Once the capacitive framework parameters have been established, the matching filling and sealing machine has to be designed. The standard DIN 8782 can supply valuable support for selecting the right machine. Above all the available production time or the available working time is crucial. This working time is reduced to the effective running time by secondary (non-productive) times, external machine or plant malfunction times and machine-related or plant-related malfunction times. While malfunction times, based on test runs, are often allowed for on a percentage basis, secondary times have a direct influence on the daily, weekly or annual performance. The most important secondary times include changing format parts, changing products, starting-up, running-down and maintenance times. If enquiries are made of a manufacturer about a new filling and sealing machine, details of these times should also be requested. However, it should be noted that each secondary time component on its own can be wrongly interpreted. A short CIP/SIP time [3] initially sounds positive, but loses informative value if intermediate cleaning, sterilisation or flushing operations have to be carried out during production. Only the total time inputs for CIP/SIP and any intermediate cleaning operations etc. ensure comparability of the different filling and sealing machines. Another example is the production cycle – the time between two CIP/SIP operations. An apparently long production cycle loses value if this is interrupted to maintain the hygiene level.

Ideally an effectiveness calculation matching the filling system is supplied to the food and beverage producer. To produce an informative effectiveness calculation, the machine manufacturer and producer must cooperate closely with one another. For instance, the producer must supply data on the product, packaging materials and proposed working times, while the manufacturer must supply technical information on the machinery.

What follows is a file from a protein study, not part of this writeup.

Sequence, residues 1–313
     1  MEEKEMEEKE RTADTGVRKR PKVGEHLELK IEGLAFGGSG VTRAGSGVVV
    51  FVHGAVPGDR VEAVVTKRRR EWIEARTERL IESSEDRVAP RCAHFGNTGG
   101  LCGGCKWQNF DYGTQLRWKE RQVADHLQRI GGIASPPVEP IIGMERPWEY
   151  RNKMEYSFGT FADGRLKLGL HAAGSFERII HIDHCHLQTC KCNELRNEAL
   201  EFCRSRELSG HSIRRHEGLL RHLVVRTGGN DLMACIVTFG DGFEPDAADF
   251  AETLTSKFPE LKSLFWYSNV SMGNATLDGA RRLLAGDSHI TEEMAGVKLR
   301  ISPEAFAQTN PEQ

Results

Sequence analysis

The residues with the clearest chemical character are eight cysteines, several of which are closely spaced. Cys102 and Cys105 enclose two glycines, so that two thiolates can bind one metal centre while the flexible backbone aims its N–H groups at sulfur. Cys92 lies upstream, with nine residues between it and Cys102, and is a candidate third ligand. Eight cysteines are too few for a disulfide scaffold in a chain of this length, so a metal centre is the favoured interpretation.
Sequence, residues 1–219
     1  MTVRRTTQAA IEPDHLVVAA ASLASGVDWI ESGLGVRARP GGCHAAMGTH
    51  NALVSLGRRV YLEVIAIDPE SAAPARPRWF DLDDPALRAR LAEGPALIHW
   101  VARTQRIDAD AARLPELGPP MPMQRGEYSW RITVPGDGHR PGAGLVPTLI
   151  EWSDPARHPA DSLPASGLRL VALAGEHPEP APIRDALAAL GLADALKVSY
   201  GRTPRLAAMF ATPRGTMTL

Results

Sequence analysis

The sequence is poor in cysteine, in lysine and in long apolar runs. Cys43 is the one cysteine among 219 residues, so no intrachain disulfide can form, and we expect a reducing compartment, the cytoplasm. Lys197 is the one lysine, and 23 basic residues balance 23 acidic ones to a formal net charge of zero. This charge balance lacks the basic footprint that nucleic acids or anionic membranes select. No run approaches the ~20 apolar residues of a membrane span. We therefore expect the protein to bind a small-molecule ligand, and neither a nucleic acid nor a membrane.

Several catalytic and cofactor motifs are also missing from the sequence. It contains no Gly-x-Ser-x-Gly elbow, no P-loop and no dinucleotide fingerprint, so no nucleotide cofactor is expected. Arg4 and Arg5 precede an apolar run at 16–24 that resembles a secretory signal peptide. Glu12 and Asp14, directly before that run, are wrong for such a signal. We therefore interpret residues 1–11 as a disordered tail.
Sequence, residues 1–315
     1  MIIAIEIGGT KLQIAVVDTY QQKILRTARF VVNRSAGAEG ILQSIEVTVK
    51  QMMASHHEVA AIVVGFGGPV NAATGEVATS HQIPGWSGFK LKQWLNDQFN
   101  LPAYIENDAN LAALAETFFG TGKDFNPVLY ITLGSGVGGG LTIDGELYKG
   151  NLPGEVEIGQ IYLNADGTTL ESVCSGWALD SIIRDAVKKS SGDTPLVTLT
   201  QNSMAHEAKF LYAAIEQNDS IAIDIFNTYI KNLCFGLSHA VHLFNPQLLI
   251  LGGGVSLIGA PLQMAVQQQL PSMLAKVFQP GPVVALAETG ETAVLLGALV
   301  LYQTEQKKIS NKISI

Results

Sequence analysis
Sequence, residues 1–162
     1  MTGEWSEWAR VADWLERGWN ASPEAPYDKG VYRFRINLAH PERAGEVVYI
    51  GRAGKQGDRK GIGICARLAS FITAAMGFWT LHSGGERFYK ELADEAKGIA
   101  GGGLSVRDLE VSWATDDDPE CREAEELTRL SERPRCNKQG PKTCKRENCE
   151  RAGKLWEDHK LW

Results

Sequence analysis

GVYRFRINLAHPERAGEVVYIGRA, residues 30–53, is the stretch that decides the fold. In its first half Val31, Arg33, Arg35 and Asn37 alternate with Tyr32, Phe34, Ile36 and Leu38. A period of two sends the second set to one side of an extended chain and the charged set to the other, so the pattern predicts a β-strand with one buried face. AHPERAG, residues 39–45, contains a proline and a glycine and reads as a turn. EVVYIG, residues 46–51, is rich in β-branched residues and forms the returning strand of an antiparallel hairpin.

Effectiveness calculation – hourly performance rate or annual performance rate

One of the first and apparently most important questions asked by the producer concerns the hourly performance rate for a defined container volume. Based on the hourly rate, the theoretically possible annual production of the filling system can be extrapolated. However, the hourly rate does not take into account the time required for changing products and formats, product cycles, available working time, cleaning/sterilisation, intermediate cleaning/sterilisation, flushing and maintenance. Long-term production planning is not possible. Therefore the question of the targeted annual production volume or seasonally required production volume is more important. On the basis of this information the theoretically required filler capacity should be calculated back. As a minimum the data shown in Table 1 are needed for a reality-based effectiveness calculation. Each of the parameters set out in Table 1 has a greater or lesser impact on the number of bottles filled per year.

Influence on the performance – container volume and neck diameter